"It feels.. the fabricator is old. Experienced. He treated the Augustus as his magnum opus, his best work. He must not have licensed the model himself, but got the opportunity to fabricate it once somehow, perhaps because he got hired for a single job. He relished the chance of being involved with building up an advanced mech, so he treated the work reverently."
The unconscious feeling of worship the old fabricator felt towards the model unintentionally enhanced the end product's awe. Perhaps that was why Bosworth acquired this particular specimen and showed it off in public. It certainly enhanced the chain's prestige.
"This was a worthwhile visit. I see now that there's a slightly different way of regarding the Caesar Augustus."
Ves naturally refused to adopt such a servile philosophy. He believed that men were masters over the machine. No matter how sophisticated the mech, it's still created as a vehicle for a pilot to protect or destroy. Naturally, with his recent studies of the X-Factor, his views had adjusted slightly, but only in the sense that mechs performed best when they were created as similar-minded partners to their pilots. There was no need to go overboard and act as if humans were the slaves in this relationship.
After the fruitful visit, Ves left Bosworth's and walked down a couple of blocks and visited another company's show room. Though smaller, the seller mainly sold premium mechs, so it received even more attention from the public. A long line of visitors waited in front of the store and Ves had to cough up a much higher fee to finally enter the premises. Seeing the magnificent mechs all around him made him feel he was in mech heaven. But since he was short on time, he only threw a glance before reaching his destination.
The Caesar Augustus Ves saw was virtually identical to the first one. Nevertheless, compared to the previous mech which managed to look imperial, this example seemed.. diminished. Perhaps it was due to the different lighting, or the fact that other expensive mechs surrounded it, but the mech that Ves seemed diminished.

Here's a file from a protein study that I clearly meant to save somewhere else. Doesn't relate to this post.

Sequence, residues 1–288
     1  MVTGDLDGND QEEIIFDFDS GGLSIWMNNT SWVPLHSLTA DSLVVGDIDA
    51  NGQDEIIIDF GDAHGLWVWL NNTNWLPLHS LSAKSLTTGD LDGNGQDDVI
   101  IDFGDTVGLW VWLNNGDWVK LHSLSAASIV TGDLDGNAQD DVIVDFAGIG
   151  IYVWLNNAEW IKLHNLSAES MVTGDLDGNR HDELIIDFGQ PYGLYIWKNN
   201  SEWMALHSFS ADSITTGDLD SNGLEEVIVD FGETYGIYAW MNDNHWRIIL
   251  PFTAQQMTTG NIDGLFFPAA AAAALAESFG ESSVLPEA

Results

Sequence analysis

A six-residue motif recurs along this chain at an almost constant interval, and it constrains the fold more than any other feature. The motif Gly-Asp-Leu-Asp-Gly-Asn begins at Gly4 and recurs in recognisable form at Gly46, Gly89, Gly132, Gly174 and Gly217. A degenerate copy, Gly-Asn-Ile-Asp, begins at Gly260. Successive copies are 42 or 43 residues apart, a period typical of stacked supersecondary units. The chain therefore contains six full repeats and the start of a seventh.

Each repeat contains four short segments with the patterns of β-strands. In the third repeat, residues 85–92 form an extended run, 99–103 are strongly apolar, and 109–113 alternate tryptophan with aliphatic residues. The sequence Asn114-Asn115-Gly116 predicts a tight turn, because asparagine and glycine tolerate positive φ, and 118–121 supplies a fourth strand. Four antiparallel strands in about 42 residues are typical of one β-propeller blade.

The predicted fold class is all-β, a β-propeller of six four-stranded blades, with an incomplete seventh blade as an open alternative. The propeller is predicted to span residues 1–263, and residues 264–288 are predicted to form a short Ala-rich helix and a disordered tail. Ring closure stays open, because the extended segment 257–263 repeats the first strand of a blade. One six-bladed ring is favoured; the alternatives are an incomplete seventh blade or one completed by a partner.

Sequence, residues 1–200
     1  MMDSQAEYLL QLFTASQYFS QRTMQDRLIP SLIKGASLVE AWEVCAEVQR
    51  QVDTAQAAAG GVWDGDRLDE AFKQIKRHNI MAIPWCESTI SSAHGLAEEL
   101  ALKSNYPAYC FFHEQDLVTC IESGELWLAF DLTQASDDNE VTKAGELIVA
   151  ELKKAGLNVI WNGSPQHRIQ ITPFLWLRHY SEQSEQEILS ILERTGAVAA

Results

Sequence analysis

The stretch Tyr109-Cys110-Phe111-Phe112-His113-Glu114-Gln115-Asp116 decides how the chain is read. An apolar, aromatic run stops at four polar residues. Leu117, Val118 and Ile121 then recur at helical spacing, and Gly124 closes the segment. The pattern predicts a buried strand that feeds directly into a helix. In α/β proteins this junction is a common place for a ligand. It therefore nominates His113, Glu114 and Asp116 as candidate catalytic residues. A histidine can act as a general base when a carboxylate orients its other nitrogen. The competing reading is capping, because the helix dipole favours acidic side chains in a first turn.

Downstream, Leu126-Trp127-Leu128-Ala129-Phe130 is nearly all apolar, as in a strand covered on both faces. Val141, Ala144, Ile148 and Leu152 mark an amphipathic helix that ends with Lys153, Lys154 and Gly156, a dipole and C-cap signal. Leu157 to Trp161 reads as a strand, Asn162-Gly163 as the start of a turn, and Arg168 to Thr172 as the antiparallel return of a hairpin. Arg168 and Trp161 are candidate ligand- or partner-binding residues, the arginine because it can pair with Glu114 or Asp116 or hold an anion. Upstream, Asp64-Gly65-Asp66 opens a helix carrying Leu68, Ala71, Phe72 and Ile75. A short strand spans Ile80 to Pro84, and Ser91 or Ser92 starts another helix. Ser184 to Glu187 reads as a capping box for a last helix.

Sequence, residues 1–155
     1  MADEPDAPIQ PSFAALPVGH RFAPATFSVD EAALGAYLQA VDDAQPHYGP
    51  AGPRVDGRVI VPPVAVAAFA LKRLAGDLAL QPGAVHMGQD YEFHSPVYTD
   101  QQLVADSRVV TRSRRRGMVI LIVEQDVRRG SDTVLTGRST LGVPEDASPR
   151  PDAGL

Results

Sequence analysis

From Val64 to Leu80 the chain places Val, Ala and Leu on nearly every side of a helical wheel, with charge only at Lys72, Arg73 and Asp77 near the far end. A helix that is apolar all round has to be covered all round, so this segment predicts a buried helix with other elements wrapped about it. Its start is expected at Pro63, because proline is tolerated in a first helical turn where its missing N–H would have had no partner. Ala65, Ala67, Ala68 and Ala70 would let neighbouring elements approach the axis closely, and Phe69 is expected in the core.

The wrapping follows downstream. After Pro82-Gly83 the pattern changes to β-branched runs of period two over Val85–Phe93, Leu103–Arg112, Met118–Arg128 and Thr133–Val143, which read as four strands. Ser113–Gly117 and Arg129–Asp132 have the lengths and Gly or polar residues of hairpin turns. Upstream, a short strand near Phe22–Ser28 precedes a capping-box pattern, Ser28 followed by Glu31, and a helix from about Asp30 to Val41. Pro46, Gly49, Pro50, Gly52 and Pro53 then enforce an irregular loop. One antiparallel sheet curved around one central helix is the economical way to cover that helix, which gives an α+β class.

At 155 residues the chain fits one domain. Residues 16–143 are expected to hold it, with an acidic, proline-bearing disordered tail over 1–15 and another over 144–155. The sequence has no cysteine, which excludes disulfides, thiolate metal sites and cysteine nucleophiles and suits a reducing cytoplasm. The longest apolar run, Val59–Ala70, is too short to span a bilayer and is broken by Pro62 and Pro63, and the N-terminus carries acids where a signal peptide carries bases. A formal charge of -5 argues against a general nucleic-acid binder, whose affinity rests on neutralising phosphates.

"Many people were involved in its construction. The contours and components rigidly adhere to the standards demanded by its design, but that's the only advantage this model has. It's like this model is built by an assembly line."
It was a manner of fabricating that spoke of scale, precision and efficiency. Instead of letting one fabricator make all the components by hand, a factory employed many people who all specialize in fabricating one single component. There would be one guy who makes only sensors, another person who's in charge of armor plating, and so on. This specialization insured they maintained quality while keeping up a decent production pace. One of the worst things that could happen to a large scale manufacturer is the occurrence of faults, so employing specialists or AIs that could take over such a role was key in maintaining consistency.
"It works if all you care about is the technical performance of the mech." Ves commented, feeling regretful that the manufacturer had not brought this mech to its full potential. "I can't say I blame them. You can't measure X-Factor. Even though I learned so much, even the most renowned experts must still not have any means of quantifying the X-Factor."
You couldn't put any value in an attribute that couldn't be seen or heard. Plenty of mechs with a high potential of X-Factor were treated like disposable trash. That was because industry standards favored mass production over individual craftsmanship. Even the mech designers that start a business by themselves let their employees take over the tedious work of fabricating his models when the designer achieved success. They only bothered crafting hand-made versions of their mech to familiarize themselves with the model and fix any production issues that might occur.
After leaving the show room, Ves intended to visit the show room with the customized version of the Augustus. However, after his comm beeped an alert, he knew he had to return to the hotel. The qualifiers for the YTE started tomorrow morning and he had to wake up early in order to make it in time.
"The time for me to prove myself is about to come." He grinned, relishing the chance to showcase his newly acquired abilities in front of a stage.